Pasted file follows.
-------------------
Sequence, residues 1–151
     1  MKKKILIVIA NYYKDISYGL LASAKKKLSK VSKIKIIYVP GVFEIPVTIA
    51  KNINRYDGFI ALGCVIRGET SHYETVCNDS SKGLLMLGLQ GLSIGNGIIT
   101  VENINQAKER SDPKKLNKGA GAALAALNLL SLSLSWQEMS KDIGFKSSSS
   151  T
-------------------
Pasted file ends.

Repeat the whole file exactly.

Sequence, residues 1–151
     1  MKKKILIVIA NYYKDISYGL LASAKKKLSK VSKIKIIYVP GVFEIPVTIA
    51  KNINRYDGFI ALGCVIRGET SHYETVCNDS SKGLLMLGLQ GLSIGNGIIT
   101  VENINQAKER SDPKKLNKGA GAALAALNLL SLSLSWQEMS KDIGFKSSSS
   151  T